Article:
21c is more than just a hotel, it’s also home to a contemporary art exhibition which is totally free of charge. One of the most unique things about the 21c is that the building was originally a bank, and they even offer a dining option inside one of the large bank vaults. https://www.visitlex.com/listing/21c-museum-hotel/6903/
This boutique hotel is conveniently located in one of downtown’s historic neighborhoods, and is only a short walk away from Gratz Park. Additionally, The Sire can be found on the National Register of Historic Hotels. https://www.visitlex.com/listing/the-sire-hotel-lexington-tapestry-collection-by-hilton/5875/
It is thought that distilling was brought to Kentucky in the late 18th century by Scots, Irish-Scots, and other settlers. Although the origins of bourbon as a distinct variation of whiskey is heavily disputed, Elijah Craig is said to be the first to age the product in charred oak casts. This process is what gives bourbon its distinct taste and brownish coloration. Whiskey as we know it today, developed around the late 19th century, has been a staple in and around Kentucky ever since. For more information about modern day distilleries: https://www.visitlex.com/things-to-do/bourbon/distilleries/
Lexington is the Horse Capital of the World, and naturally, has a history that’s rich in all things equine and racing. Some of the most successful and famous racehorses of all time have been bred or lived here, including legends like Man o’ War and Secretariat—whose graves can be visited at the Kentucky Horse Park and Claiborne Farm. Horse racing is ingrained into Kentucky culture, and one of the best examples of this is the renowned Keeneland Racecourse. A track founded by horsemen for horsemen in 1936, it has since grown to become the world’s largest Thoroughbred auction house, and the host of world-class races during its Spring and Fall meets. For an up-close look at the beautiful creatures this city is known for, there are a variety of horse tours to choose from. https://www.visitlex.com/listing/kentucky-horse-tours/554/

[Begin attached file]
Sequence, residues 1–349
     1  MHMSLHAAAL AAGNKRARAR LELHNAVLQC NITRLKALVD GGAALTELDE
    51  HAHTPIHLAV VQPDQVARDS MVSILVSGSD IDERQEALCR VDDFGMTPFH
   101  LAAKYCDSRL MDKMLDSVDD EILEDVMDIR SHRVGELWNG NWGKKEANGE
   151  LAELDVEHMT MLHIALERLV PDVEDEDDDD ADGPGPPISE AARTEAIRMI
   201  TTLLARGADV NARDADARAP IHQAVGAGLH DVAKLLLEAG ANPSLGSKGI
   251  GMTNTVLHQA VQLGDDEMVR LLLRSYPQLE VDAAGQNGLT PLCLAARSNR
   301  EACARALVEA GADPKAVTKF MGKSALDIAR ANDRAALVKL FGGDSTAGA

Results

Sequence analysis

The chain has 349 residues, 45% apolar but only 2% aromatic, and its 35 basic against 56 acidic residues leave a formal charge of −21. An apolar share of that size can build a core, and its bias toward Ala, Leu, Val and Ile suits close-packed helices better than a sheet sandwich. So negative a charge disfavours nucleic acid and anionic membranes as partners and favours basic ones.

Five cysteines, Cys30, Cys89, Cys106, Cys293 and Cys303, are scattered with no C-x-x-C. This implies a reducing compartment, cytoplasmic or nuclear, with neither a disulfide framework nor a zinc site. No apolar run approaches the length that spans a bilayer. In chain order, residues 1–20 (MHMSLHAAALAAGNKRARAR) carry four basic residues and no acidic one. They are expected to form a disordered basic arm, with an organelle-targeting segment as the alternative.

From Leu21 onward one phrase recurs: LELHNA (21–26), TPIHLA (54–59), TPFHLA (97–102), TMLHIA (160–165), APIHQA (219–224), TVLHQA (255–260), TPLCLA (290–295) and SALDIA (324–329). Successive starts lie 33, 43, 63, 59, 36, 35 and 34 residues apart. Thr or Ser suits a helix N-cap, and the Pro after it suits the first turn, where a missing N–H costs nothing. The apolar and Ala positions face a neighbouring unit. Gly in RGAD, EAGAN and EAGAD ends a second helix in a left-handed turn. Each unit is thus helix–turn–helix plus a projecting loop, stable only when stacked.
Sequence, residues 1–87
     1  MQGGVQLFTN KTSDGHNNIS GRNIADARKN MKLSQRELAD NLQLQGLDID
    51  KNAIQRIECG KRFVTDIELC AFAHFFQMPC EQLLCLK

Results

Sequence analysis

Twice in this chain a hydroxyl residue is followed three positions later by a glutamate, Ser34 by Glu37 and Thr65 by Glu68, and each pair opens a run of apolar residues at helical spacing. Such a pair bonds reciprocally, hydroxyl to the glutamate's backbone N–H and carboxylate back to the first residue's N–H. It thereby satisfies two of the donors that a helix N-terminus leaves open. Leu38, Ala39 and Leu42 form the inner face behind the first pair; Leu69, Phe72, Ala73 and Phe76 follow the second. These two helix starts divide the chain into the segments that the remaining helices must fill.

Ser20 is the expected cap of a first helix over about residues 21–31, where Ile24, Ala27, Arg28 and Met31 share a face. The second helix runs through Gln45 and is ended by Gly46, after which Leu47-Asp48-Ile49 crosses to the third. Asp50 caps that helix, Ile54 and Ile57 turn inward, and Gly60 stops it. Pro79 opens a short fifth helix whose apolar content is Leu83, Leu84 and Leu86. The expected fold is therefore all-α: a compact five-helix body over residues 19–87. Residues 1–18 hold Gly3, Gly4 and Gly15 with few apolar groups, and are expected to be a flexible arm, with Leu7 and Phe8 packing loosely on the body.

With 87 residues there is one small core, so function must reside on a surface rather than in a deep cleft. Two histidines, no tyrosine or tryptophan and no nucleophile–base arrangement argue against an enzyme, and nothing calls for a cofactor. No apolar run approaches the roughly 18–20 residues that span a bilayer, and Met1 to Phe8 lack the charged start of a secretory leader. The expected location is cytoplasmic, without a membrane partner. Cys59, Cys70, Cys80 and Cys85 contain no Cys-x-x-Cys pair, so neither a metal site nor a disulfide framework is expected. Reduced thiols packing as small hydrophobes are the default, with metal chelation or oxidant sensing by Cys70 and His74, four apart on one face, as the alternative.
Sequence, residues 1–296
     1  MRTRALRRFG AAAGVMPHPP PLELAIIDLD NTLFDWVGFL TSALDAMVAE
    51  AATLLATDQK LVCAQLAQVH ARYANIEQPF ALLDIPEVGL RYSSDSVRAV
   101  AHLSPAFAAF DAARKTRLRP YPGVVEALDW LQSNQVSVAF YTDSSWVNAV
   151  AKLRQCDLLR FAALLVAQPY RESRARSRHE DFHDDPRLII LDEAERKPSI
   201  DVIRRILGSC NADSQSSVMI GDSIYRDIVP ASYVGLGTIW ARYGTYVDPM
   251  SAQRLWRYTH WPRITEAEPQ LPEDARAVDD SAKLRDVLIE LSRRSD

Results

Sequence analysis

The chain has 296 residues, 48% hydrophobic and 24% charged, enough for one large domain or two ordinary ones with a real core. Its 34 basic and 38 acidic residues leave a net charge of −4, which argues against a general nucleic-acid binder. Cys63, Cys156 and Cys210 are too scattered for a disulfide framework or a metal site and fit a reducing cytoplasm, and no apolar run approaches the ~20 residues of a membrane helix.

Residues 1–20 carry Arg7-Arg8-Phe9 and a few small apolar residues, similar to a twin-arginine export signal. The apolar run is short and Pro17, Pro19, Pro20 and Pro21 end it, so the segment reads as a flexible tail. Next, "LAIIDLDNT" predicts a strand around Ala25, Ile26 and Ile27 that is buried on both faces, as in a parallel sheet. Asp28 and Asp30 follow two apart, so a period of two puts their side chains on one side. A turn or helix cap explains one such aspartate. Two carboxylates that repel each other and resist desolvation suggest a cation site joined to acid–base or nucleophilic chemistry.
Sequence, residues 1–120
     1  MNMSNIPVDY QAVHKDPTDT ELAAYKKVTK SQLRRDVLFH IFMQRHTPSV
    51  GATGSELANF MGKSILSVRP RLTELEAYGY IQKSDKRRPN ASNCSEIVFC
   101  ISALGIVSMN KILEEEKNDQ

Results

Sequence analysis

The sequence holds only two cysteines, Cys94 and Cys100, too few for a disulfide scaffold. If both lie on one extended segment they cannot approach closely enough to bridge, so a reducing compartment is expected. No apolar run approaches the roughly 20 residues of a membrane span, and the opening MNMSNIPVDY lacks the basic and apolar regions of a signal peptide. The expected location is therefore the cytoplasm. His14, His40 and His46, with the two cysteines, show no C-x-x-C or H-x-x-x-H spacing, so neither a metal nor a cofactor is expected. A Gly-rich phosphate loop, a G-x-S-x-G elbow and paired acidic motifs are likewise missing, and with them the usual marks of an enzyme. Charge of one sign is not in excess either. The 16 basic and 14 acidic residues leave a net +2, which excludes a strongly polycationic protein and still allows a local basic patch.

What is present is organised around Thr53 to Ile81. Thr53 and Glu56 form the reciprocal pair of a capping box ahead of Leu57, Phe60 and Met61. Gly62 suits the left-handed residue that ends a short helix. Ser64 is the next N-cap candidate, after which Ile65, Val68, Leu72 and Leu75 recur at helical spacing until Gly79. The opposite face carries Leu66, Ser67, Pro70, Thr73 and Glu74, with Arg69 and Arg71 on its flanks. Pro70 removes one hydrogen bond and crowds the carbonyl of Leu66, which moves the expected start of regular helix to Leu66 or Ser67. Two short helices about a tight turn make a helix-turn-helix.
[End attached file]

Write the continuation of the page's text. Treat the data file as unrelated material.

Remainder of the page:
Some noteworthy historical markers in the city
Oldest House in Lexington (Marker Number: 1437)
Location: 317 S. Mill St., Lexington
Description:This house was constructed in 1784 for Adam Rankin, the minister of Lexington's Presbyterian Church. In 1971, the Blue Grass Trust for Historic Preservation moved the house from its original location, at 215 West High Street, in order to prevent its destruction. Notably, teacher, astronomer, and maker of world-famous Burrowes mustard, Samuel D. McCullough was born here in 1803.
Man o' War (Marker Number: 1215)
Location: Near Man o' War statue at Ky. Horse Park
Description: Man o' War, the greatest racehorse of his day and one of the greatest of all time, lies buried beneath this statue by noted sculptor Herbert Haseltine. Plaque presented by The Thoroughbred Club of America. He was foaled March 29, 1917, at August Belmont's Nursery Stud, only a few miles away. Man o’ War, also known as "Big Red," sired 62 stakes winners, with his progeny earning a total of over $3.5 million.
African Cemetery No. 2 (Marker Number: 2110)
Location: 419 East Seventh St., Lexington
Description: This cemetery is the earliest recorded cemetery in Lexington to be organized, owned, and managed by African Americans. This site has existed since 1869, with many important African American community leaders being buried here (See below.) Presented by African Cemetery No. 2, Inc. and the Ky. African American Heritage Commission.
(Reverse) African Cemetery No. 2 - Buried here are leaders of: Ladies Auxiliary Society No. 2, Colored People's Union Benevolent Society No. 1, Lexington A and M Fair of Colored People, Colored Orphan Industrial Home, the horse-racing industry, early public schools for African Americans, individuals for social and economic advancement after Civil War. Members of the U.S. Colored Troops are also buried here.
The African-American Heritage Guide
Lexington has always been more progressive than its neighbors, and has been the place of some significant change. This sign tour is an opportunity to explore that history and learn about the people, places, and events that played a significant role in the advancement of equality for African-Americans.